I am saying that there are guarantees in the medical and legal processes that protect members of families from a temporary whim. The ways in which the human mind works, even within the bounds of what is generally called "normality", are extraordinary and unpredictable. As I say, the protection is built in. I am sure that the General Medical Council would take a very severe view of any doctor practising in this area who did not use the utmost care.

One should not forget that if a person undergoes severe and detailed psychological treatment or, even more to the point, major surgery without the proper procedures being gone through by the medical profession, the perpetrators of the changes would be committing very serious criminal offences for which undoubtedly they should be convicted by criminal courts. We say to the Government that this is an issue about which they should stand firm and hold to the purpose of defining gender as a matter of law.

29 Jan 2004 : Column 364

The noble Lord, Lord Tebbit, seems unable to distinguish sex from gender. I suggest to noble Lords that it is a male, female or ambiguous biological component of humanity whereas gender is the legal status of a person as a man or woman in law. Surely, that is a difference which anybody can understand.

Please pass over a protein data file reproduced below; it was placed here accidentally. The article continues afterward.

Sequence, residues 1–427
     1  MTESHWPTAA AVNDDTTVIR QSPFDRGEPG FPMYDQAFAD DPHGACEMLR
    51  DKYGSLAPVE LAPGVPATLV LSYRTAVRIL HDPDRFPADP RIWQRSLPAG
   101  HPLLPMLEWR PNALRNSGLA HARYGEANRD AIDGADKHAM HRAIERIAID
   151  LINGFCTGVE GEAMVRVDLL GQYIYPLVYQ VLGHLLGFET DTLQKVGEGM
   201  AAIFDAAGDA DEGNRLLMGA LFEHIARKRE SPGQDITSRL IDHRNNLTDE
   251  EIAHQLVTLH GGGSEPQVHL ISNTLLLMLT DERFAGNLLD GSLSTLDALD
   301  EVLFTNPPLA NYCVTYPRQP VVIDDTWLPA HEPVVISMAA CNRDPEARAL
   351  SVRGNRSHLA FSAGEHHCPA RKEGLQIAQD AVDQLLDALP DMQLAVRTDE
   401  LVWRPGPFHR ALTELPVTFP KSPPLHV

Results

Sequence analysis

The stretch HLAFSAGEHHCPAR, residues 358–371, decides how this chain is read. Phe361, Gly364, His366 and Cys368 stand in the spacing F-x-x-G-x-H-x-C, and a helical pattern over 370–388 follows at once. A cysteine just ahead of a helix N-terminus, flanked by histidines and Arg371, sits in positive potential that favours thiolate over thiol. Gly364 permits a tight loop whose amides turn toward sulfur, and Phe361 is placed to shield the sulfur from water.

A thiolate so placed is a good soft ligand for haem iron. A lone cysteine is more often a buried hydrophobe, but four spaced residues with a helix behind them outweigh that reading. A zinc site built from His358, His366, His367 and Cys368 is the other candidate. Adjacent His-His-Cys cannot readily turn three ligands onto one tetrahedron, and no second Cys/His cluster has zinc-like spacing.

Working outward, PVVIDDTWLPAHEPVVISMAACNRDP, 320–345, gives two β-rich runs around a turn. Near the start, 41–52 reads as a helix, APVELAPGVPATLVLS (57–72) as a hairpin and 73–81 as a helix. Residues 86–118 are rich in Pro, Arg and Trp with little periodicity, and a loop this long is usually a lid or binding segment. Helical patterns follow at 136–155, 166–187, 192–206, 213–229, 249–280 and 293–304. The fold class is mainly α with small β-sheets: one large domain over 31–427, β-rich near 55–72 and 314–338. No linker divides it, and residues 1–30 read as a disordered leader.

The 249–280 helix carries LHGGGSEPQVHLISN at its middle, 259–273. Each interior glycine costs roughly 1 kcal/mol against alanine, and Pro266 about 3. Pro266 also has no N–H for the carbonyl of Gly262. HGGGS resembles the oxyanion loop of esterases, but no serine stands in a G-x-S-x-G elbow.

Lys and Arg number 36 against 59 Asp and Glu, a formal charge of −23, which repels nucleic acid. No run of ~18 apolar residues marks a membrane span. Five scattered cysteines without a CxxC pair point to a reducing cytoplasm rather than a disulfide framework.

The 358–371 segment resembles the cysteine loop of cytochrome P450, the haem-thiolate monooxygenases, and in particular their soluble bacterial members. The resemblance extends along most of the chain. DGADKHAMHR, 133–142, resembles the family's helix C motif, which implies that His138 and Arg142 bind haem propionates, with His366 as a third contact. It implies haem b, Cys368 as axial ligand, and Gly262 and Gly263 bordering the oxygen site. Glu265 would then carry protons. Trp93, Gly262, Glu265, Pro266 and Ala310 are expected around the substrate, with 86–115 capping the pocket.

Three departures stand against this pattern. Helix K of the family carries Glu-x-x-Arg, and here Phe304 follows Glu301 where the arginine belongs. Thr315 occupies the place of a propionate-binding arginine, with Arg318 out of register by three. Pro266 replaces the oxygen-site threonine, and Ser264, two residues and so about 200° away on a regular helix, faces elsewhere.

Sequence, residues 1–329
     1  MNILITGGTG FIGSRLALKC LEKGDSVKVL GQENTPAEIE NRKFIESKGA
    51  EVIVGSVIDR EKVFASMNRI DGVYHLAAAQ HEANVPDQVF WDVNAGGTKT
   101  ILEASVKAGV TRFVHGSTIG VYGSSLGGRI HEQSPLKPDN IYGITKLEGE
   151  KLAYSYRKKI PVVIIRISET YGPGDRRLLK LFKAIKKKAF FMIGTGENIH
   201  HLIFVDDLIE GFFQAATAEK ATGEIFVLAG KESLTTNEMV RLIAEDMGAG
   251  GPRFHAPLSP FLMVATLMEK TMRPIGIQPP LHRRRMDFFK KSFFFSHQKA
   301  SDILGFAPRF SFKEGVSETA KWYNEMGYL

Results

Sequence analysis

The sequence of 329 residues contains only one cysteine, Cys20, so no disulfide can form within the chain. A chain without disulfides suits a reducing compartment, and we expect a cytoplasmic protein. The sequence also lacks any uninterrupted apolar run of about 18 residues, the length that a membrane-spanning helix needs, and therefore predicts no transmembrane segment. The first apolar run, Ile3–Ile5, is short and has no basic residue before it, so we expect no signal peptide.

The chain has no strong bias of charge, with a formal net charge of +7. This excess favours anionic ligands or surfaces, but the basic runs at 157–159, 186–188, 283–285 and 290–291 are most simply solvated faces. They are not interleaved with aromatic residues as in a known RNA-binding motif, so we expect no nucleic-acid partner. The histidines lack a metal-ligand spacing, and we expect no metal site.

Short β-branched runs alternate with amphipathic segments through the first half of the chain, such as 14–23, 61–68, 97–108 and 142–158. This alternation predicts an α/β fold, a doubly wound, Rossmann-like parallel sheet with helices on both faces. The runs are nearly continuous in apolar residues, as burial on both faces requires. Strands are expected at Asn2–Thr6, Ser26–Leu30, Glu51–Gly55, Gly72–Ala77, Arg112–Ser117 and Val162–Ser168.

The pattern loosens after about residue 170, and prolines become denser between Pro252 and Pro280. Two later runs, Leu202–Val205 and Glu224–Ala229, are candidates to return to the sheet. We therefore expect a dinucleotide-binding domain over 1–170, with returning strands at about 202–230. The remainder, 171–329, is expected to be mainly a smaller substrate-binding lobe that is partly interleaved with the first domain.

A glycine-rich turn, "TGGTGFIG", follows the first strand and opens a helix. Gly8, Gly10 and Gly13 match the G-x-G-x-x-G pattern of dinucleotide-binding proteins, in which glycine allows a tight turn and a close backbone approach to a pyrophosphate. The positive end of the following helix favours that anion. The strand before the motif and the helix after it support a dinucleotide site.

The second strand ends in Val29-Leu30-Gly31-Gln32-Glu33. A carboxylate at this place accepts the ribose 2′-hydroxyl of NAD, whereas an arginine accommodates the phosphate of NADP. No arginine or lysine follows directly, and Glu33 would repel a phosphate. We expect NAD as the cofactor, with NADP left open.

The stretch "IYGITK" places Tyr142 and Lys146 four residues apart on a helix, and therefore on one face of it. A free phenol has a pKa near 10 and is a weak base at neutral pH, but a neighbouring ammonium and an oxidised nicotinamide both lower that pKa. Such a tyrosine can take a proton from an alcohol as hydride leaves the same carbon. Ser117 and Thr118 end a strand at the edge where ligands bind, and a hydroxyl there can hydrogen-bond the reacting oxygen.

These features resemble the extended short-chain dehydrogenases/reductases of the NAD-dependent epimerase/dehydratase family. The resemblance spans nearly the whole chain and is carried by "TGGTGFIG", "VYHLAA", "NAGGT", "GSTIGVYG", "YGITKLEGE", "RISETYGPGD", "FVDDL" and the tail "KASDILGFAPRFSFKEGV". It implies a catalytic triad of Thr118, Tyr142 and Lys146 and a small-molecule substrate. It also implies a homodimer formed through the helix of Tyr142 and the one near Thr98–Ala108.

Lord Tebbit: My Lords, I do not know what is the inability which causes the noble Lord not to understand, not to be aware of or to ignore the fact that I have tabled amendments to precisely define the difference between sex and gender. The noble Lord will have heard the exchange I had with the noble Lord, Lord Turnberg, on the subject. How can the noble Lord then say that I seem to believe that they mean the same thing?

Lord Carlile of Berriew: My Lords, the noble Lord has made an attempt to create a distinction, but I do not accept that he makes it. Furthermore, with great respect to the noble Lord—and I mean that because I respect him enormously especially as a parliamentarian—it is the purpose of this legislation to provide for the legal status of a group of people who have been defined by national and international courts, as well as by the usual political process, as requiring not just the protection of these Houses of Parliament, but also definition in law. The clarity of the definition offered in the Bill is considerable. In so far as there is any clarity in the definitions offered by the noble Lord, it is not a clarity that would offer anything to anyone except myself and my learned friends.

The Parliamentary Under-Secretary of State, Department for Constitutional Affairs (Lord Filkin): My Lords, I rise to return to this interesting element to our Bill about which we have spoken on a number of occasions. I have even less confidence that there will be a meeting of minds at the end of the debate. I perhaps signalled my dubiety when we spoke about it at Second Reading. Nevertheless, the noble Lord, Lord Tebbit, is entitled to hear the Government's position on these issues even though neither he nor I expect that we will necessarily agree or rejoice in that.